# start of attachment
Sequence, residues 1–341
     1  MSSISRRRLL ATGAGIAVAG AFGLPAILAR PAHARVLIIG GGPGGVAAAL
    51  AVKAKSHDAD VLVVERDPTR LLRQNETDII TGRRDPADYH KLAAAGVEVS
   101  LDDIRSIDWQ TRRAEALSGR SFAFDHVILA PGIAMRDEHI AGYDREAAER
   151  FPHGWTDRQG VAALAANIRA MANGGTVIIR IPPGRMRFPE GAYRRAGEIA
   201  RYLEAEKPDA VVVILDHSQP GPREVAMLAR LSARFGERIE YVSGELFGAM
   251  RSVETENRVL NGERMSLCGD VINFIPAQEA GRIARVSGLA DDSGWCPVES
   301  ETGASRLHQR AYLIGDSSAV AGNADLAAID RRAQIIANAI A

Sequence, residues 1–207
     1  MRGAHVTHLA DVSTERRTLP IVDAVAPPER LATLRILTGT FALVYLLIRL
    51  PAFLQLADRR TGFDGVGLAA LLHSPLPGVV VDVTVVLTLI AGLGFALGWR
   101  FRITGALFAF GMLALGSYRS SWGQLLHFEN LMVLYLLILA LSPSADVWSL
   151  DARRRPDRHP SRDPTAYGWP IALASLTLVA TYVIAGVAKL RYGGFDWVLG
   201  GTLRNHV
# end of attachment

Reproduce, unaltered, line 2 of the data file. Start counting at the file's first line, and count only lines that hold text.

     1  MSSISRRRLL ATGAGIAVAG AFGLPAILAR PAHARVLIIG GGPGGVAAAL